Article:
Divorced Couples, Their Families, and COVID-19: How to Navigate Returning to School

Divorced Couples, Their Families, and COVID-19: How to Navigate Returning to School

Now that the CDC recognizes a “second wave” of COVID-19 cases, many parents are asking if it is truly safe for their children to go back to school in person. Complicating that decision are conflicting wishes of divorced couples who must make collaborative decisions about their child’s education. If you are a parent of a school-aged child who disagrees with an ex-spouse regarding your child’s schooling, you need the advice of an experienced family law attorney. Eveland & Foster, LLC  are renowned divorce and family law attorneys in the Greater New Jersey area, and they can assist you in making parenting decisions with your ex-spouse in the era of COVID-19.

Between November 1, 2020 and November 5, 2020, the State of New Jersey reported more than 9,500 new cases. Cases are at their highest levels since Mid-June. While the New Jersey State Department of Education intended to open schools for in-person learning in early December, those plans are now being re-evaluated. In Morris County, New Jersey, plans were made to return students to in person learning in early January. Those students included children in middle and high school.

Now that those plans have been revised, children in grades K-5 will not return to in-person learning until at least January 15, 2021 and children in grades 6-12 will not return until the first week of February 2021. It will consist of hybrid learning (a mixture of virtual and in-person instruction) with alternating schedules and staggering of student arrivals and departures. This will further complicate schedules and coordination for divorced parents of minor children, but it is critical at this juncture for parents to recognize that flexibility and a desire to collaborate can assist children in a smooth transition.

Revisions to Parental Agreements and Physical Custody Arrangements

If you share joint physical custody of your child with your ex-spouse, you might have a split 4-3, or 3-2-3 weekly arrangement, in which both parents are responsible for ensuring the child is ready for school each day. This is compounded when virtually schooling takes place and the child requires adult supervision. In some cases, both parents are essential workers and have been unable to hire child care to supervise their children during virtual learning hours. If your spouse refuses to assist your child with schoolwork, getting logged on for virtual learning, and getting to school on time for in-person learning, they are violating the terms of your marital settlement agreement and/or parenting agreement. It is critical you seek the assistance of an experienced attorney to assist you in an amicable solution. Your child’s well-being is of utmost importance. Eveland & Foster, LLC can ensure that the best interests of your child are upheld during a dispute or settlement conference with your ex-spouse.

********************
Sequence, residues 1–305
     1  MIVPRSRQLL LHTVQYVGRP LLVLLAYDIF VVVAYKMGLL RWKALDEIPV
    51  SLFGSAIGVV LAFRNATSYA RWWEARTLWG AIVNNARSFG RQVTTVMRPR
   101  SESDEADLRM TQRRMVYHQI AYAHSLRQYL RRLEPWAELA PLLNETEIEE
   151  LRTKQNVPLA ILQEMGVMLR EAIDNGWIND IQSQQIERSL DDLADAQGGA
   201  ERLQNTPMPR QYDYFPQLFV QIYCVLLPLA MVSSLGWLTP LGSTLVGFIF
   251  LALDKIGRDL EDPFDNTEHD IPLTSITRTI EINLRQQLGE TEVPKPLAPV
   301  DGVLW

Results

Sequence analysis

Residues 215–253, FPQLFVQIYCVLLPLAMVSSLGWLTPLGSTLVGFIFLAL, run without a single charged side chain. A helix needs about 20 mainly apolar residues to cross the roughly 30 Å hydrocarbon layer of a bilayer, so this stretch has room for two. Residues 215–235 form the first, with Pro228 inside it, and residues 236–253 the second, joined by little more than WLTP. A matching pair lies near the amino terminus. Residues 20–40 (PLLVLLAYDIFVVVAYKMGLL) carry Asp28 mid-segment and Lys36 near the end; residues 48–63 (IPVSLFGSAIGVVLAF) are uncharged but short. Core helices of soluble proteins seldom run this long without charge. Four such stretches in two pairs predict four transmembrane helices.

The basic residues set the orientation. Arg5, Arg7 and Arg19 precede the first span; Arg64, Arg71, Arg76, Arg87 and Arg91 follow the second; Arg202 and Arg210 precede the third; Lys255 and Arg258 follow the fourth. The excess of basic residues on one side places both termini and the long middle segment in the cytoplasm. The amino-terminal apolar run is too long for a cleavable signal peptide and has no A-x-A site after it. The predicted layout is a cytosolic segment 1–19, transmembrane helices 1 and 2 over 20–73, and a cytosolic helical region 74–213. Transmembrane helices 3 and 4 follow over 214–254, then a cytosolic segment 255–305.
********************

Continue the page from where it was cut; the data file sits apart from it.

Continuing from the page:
Resolving In-Person or Virtual Learning Disputes With Your Ex-Spouse

You can resolve educational disputes with your ex-spouse by meeting with an attorney for possible revisions or amendments to your parenting plan. If your ex-spouse has been exposed to Covid-19 or is not following protocol, it might be necessary for you to retain temporary full physical custody. Only a judge can make revisions to a parenting agreement, after a hearing between both parties. But remember, legal custody includes decisions about education, homeschooling vs. public or private school, and opting out of in-person learning in the Spring semester. Parents might want to consider revising a split week plan and alternating to one full calendar week for each parent, with drop-off/pick-up on the weekends. Also, both parents should ensure the child has an adequate workspace for virtual schooling, along with a laptop/tablet and reliable internet connection, and parental supervision for logging on and participating in virtual classes.

Call Eveland & Foster, LLC Today